Researchers at IBM's Almaden Research Centre in San Jose, California think they can determine a person's presumptive personality from just 50 Tweets:
"In a test of the new system, Dr Haber analysed three months' worth of data from 90m users of Twitter. His software was able to parse someone's presumptive personality reasonably well from just 50 tweets, and very well indeed from 200."
So… marketers will finally be able to determine truly effective ways to target consumers?
Twitter's initial implementation of two-factor authentication (2FA) relies on SMS.
But… Twitter also uses SMS as a way to send and receive Tweets (making use of SMS for double-duty: social and security). It's possible to "STOP" incoming Tweets via SMS, and that makes sense, because people sometimes end up roaming unexpectedly — and there needs to be a way to stop the SMS feature. Otherwise it could generate a costly bill.
Unfortunately, an attacker could use SMS spoofing to disable 2FA if he knows the target's phone number.
We've done some testing.
The STOP command removes the phone number from the account — and that in turn disables Twitter's 2FA.
But there's an even worse possibility at the moment.
If you don't yet have 2FA enabled, an attacker who gains access to your account via spear phishing could enable it for himself!
All that's required is random phone number and SMS spoofing the word "GO".
Then the attacker can enable the account's 2FA.
Then send a message. (The message doesn't contain a confirmation code, so it isn't really needed.)
And then click "Yes".
No confirmation code is needed to add a number. (Confirmation is required to change the account's associated e-mail address.)
This is what the victim will see — even if they reset the account's password.
The victim will be locked out, and cannot recover the account without Twitter's support.
So… perhaps you should enable your account's 2FA — before somebody else does it for you.
Fortunately, the majority of Twitter users aren't big targets. Unfortunately, accounts such as @AP are. And Twitter's SMS-based 2FA could be more harm than help when the use case is a dedicated attacker.
Twitter's blog post says "this feature has cleared the way for us to deliver more account security enhancements in the future."
So it shouldn't be possible to issue the "STOP" command to your phone, if your operator supports Twitter's short code. However, it is still quite possible for an attacker to add his phone to your account if it's compromised via phishing.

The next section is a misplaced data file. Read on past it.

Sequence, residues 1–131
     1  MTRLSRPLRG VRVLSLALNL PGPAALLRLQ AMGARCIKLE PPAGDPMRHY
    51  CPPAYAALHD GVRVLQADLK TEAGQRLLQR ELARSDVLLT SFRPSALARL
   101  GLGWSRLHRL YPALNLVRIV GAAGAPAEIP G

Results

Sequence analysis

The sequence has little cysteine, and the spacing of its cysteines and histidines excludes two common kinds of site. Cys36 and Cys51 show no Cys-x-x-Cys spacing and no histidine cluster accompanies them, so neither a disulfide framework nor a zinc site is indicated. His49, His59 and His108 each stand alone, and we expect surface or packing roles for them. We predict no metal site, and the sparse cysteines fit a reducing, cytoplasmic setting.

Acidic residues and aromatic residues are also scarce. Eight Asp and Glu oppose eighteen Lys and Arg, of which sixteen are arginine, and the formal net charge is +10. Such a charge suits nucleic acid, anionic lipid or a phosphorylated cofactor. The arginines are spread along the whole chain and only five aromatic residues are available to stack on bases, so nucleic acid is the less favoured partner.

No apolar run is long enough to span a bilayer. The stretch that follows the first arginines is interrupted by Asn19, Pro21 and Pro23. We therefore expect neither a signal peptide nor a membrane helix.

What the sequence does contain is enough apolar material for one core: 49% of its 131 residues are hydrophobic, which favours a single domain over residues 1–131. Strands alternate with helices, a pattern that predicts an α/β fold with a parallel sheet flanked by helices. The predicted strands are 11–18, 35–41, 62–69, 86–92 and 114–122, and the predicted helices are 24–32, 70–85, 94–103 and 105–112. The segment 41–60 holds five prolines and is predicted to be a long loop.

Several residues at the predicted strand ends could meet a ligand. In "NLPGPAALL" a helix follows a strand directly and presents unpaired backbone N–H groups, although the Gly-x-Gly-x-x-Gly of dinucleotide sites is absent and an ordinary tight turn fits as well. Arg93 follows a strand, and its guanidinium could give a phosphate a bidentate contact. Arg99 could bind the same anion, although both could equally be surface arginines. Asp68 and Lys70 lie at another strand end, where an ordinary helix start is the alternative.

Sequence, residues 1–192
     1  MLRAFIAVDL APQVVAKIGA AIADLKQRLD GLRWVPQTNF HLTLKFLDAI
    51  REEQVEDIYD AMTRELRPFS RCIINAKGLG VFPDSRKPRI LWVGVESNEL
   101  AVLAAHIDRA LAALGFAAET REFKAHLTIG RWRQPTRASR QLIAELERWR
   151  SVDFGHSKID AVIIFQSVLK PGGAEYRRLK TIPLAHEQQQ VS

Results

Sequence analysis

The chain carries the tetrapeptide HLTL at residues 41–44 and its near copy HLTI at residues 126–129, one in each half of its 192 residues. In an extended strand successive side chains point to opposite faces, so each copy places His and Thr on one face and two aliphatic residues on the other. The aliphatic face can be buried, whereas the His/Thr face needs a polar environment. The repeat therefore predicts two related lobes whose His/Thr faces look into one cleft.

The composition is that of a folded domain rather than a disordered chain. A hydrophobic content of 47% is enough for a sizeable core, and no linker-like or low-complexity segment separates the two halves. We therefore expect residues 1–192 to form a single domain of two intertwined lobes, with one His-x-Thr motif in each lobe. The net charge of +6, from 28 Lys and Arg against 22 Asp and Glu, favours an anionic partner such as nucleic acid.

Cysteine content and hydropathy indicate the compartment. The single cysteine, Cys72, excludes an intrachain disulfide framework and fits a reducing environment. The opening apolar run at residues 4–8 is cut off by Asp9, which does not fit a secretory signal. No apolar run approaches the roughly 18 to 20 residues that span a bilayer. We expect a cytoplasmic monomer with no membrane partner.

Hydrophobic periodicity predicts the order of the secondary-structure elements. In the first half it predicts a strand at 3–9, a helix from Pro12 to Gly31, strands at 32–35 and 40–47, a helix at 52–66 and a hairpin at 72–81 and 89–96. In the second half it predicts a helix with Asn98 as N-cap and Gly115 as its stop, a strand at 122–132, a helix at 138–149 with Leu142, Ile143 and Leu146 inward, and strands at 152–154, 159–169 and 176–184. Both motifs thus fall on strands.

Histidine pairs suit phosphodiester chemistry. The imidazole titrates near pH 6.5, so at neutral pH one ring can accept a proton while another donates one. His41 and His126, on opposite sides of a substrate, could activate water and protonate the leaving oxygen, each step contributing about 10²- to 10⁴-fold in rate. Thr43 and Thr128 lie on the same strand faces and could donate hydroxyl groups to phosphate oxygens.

Twitter's 2FA doesn't require multi-factor confirmation to enable. Anybody with the password can easily add a phone number.
If so, you may be the target of a spear phishing campaign designed to install a spyware on your Mac.
Here's a list of binaries signed by Apple Developer "Rajinder Kumar".
Detected as Trojan-Spy:OSX/HackBack.B:
• 1eedde872cc14492b2e6570229c0f9bc54b3f258 • 6737d668487000207ce6522ea2b32c7e0bd0b7cb • a2b8e636eb4930e4bdd3a6c05348da3205b5e8e0 • 505e2e25909710a96739ba16b99201cc60521af9 • 45a4b01ef316fa79c638cb8c28d288996fd9b95a • 290898b23a85bcd7747589d6f072a844e11eec65 — mentioned in yesterday's post.
Detected as Backdoor:OSX/KitM.A (includes screenshot feature):
Though the spear phishing payloads are not particularly "sophisticated", the campaign's use of German localization and the target's name (removed in the example above) does indicate the attackers have done some homework.
There's another case of Backdoor:OSX/KitM.A in the wild.
A German-based investigator reached out to us yesterday regarding OSX/KitM. (We wrote about it last week.) KitM stands for "Kumar in the Mac", which is our designation for spyware — related to OSX/Filesteal a.k.a. OSX/HackBack — that is signed using an Apple Developer ID in the name of Rajinder Kumar. The Developer ID has since been revoked by Apple.
This latest version of OSX/KitM used a Romanian C&C server called liveapple.eu during the period of attack, December 2012 to early February 2013. The spear phishing used an attachment called Christmas_Card.app.zip. (Remember, the attack started in December.)
So, that brings us to this bit of advice for those of you who might be targets.
This is the default "Gatekeeper" security setting:
Mac App Store and identified developers
This is the setting that you want, unless you're actively installing software:
Mac App Store
This is the prompt that results when OSX/KitM attempts to install with the stricter setting:
If you're running OS X Mountain Lion or Lion v10.7.5 — adjust your settings as an extra layer of precaution.